Alisa Kosheleff, PhD
We used to think addiction was due to a lack of willpower and self-control, but now scientists overwhelmingly agree addiction is a “brain disease,” and occurs as a result of chemical modifications in the brain. These well-defined neurochemical changes characterize the transition from casual to compulsive drug use, but treatment options remain poor. Currently, addiction researchers are attempting to understand the emergence of compulsive overeating and food addiction, but whether and to what degree drug and food addiction map onto the same model remains controversial. In a world where junk food is plentiful and cheap, what lessons can we learn from the drug addiction field, and can we avert a food addiction epidemic?
Alisa Kosheleff is a postdoctoral researcher at the UCLA Hatos Center for Neuropharmacology at the Brain Research Institute. She began her career studying how methamphetamine disrupts our ability to make adaptive, flexible decisions, but wanted to get to the source of the problem - the mechanisms of addiction itself. Her work on addiction at UCLA has focused on how psychostimulants and, more recently, junk foods drive changes in the brain that keep us hooked on these rewards, promoting a vicious cycle of reward seeking and craving. More recently, she has begun to explore the neurochemistry driving motivational and affective changes associated with aging and Alzheimer’s disease.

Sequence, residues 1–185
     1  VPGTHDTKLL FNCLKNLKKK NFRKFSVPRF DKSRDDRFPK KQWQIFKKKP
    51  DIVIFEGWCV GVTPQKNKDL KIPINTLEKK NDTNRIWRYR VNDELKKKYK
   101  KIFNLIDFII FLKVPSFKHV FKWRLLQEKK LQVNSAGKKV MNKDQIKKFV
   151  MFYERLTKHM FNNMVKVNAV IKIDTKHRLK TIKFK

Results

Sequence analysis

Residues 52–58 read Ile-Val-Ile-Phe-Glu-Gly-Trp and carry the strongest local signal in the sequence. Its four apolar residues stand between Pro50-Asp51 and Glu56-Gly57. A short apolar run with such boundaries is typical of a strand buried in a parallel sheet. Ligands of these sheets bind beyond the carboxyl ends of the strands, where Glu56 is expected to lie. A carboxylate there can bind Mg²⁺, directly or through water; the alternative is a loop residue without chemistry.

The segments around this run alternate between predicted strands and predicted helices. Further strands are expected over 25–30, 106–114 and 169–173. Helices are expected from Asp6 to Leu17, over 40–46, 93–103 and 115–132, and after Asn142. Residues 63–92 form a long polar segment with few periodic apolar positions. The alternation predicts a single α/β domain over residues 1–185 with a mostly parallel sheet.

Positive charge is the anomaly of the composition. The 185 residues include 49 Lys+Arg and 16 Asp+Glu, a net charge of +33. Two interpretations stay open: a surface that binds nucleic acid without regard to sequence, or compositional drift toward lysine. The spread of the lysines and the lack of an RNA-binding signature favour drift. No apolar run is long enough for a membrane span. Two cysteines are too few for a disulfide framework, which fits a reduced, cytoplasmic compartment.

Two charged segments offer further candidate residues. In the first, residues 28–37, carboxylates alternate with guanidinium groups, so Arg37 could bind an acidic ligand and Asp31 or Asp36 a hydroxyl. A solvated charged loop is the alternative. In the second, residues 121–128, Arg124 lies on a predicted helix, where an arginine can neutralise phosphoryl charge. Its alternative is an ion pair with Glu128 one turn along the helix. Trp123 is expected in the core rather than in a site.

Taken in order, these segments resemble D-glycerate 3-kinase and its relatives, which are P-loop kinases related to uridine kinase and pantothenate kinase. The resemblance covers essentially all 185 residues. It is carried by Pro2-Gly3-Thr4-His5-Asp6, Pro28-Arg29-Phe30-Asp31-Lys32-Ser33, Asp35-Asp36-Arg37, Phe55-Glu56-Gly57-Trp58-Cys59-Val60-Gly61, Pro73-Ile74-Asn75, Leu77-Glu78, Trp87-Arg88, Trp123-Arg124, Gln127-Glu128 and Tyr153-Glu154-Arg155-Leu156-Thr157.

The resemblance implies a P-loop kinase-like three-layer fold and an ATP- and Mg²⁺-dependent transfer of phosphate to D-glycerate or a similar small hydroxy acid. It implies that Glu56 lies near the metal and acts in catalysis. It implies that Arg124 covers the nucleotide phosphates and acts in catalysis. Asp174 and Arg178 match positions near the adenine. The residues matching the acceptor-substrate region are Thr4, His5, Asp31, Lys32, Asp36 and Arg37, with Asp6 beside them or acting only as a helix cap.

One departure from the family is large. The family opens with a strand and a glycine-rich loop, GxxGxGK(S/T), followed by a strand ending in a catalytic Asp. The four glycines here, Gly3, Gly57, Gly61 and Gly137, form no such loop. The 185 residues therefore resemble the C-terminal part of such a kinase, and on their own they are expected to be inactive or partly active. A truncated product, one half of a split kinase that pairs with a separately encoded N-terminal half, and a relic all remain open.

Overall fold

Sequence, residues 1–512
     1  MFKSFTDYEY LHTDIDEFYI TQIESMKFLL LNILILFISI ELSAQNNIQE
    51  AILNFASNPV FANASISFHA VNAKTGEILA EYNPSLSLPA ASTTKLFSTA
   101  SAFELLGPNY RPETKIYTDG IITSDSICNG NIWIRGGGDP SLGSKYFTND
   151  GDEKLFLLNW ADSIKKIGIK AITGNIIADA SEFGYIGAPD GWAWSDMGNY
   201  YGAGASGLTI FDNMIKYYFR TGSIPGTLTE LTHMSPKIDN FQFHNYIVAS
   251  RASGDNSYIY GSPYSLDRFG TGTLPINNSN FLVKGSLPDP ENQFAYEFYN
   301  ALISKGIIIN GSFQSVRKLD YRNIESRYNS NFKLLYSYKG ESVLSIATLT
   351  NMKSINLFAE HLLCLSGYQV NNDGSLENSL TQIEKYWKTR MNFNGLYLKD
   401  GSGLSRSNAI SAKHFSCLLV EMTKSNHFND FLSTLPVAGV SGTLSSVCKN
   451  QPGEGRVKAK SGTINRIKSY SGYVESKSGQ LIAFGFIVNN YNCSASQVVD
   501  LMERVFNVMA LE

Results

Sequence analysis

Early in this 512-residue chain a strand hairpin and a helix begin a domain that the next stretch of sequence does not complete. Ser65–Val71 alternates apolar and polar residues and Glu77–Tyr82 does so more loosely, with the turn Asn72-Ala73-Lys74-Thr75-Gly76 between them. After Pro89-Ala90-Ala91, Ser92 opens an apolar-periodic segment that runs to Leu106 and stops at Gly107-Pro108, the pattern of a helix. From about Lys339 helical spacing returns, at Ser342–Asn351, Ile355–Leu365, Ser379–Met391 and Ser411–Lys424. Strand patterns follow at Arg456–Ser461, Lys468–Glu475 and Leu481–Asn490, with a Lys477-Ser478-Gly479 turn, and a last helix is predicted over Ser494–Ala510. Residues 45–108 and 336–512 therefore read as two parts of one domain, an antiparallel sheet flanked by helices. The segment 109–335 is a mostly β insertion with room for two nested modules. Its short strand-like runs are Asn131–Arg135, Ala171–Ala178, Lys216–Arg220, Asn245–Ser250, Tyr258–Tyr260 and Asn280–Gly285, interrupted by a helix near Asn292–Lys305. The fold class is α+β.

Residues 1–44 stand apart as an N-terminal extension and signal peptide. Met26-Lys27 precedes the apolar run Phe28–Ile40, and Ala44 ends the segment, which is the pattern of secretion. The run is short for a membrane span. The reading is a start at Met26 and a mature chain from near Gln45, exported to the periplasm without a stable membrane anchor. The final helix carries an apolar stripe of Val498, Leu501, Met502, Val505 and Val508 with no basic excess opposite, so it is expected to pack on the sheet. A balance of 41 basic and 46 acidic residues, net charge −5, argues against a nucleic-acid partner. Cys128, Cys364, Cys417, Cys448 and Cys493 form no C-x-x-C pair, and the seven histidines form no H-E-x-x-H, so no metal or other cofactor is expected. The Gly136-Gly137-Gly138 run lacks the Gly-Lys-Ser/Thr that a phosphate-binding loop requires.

When she’s not in the lab, she’s probably at the barn, preparing for a competition with her horse, Scarlett.